I used Black Dirt “Apple Jack” apple brandy in mine, because brandy reminds me of my Nana and apple brandy is the only kind I had on hand. But you could use a regular brandy too. Or bourbon, or whiskey. Or you can leave it out completely.

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Fresh garden salsa (that you can enjoy in February).

Weighing tomatoes before making fresh garden salsa (canned!)

I got a new kitchen scale, dudes.

This is exciting for me. It took a long time to find one that was what I wanted. I didn’t want digital. I wanted an old-school analog one- vintage styled. Jay and I really wanted an actual vintage one, but we were worried about the calibration of a true vintage scale. We didn’t want to buy one then find out it needed to be overhauled. So then we got some gift cards for Williams-Sonoma (for either our wedding or a late-housewarming gift) and we found this one by Salter for Williams-Sonoma. SCORE!

So we ordered it and it came and it’s lovely. Just what I had in mind. Vintage look, but brand new.

Weighing tomatoes for some fresh garden salsa.

And I’ve got lots of tomatoes, all fresh from my backyard. Yep, the garden is still kickin’! Indigo Apples, Cosmonaut Volkov’s, Globe’s, Amish Paste’s and Super Sweet 100’s. They’ve all gotta be used, and one can only eat so many fresh. Or in a salad. So… naturally, everything I make preserve with tomatoes; i.e. tomato jam or sauce or salsa, I need to weigh them first. Conveniently.

And that leads me to our recipe today:

Canned fresh garden salsa- enjoy your garden in the middle of the winter!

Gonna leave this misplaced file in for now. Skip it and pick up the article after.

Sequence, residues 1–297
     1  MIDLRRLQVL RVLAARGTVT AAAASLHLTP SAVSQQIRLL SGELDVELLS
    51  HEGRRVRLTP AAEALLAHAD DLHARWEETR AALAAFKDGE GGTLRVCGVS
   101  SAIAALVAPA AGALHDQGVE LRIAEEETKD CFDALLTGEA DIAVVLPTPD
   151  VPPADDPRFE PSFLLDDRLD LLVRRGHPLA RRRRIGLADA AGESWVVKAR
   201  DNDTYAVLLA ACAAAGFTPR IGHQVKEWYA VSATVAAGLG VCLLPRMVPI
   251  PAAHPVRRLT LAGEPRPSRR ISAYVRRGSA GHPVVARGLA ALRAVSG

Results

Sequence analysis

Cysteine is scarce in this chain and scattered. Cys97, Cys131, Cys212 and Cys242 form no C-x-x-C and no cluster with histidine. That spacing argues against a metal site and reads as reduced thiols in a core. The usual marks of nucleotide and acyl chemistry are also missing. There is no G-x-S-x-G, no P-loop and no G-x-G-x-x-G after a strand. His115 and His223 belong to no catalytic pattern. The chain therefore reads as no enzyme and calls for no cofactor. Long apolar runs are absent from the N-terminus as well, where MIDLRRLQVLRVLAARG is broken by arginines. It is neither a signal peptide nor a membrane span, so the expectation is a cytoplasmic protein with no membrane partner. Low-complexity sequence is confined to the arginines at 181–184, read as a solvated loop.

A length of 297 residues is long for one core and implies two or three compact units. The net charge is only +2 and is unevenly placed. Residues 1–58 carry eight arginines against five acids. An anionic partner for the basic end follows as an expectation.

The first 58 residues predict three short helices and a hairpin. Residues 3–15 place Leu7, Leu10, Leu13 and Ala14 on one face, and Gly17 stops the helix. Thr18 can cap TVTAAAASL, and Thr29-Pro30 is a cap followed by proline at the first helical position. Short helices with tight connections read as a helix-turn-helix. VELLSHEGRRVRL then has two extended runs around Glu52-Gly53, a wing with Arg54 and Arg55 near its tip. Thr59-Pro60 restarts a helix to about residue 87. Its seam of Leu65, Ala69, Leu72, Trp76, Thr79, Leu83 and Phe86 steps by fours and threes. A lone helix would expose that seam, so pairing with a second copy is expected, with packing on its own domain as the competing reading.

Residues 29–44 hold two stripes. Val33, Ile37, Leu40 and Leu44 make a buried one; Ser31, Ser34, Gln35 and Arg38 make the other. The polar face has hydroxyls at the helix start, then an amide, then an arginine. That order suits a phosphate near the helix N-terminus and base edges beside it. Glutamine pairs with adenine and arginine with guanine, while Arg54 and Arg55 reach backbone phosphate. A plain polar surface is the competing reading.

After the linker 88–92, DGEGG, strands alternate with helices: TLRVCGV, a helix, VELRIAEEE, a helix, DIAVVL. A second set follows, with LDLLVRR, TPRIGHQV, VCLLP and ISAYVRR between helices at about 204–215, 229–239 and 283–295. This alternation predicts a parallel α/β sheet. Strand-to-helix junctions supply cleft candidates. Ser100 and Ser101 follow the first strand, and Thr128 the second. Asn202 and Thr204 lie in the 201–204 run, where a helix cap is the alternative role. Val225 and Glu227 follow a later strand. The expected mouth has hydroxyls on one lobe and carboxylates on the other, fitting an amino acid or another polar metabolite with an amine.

I looooooove salsa. Oh man. I could eat salsa all day, every day. Green, red, I don’t care. Hot salsa, medium salsa, salsa with black beans and corn. I love it all. The only ones I will not eat are peach salsas or mango salsas. I’m a purist, see. Tomatoes & peppers only for me. With loads of cilantro. LOADS. I love it tossed into a fresh salad topped with tortilla strips, shredded cheese and sometimes grilled chicken. I also love it on chips, with guacamole. And who doesn’t love it on burritos?

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The simplest, freshest, easiest tomato sauce you’ll ever make.

(This was originally written for a contributor post on eighteen25, go take a look and see! And look for more posts by me over there soon.)

Simple, fresh and easy summer tomato sauce. Adapted from a recipe by Marcella Hazan.

When it’s like, 200 degrees out, you do not want to be making something that takes hours over a hot stove. Nuh-uh. It’s too much. Even if you have the A/C crankin’ you still don’t want to be standing stirring something, sweating.

Wow, alliteration! My 8th grade English teacher Mrs. Clarey would be proud.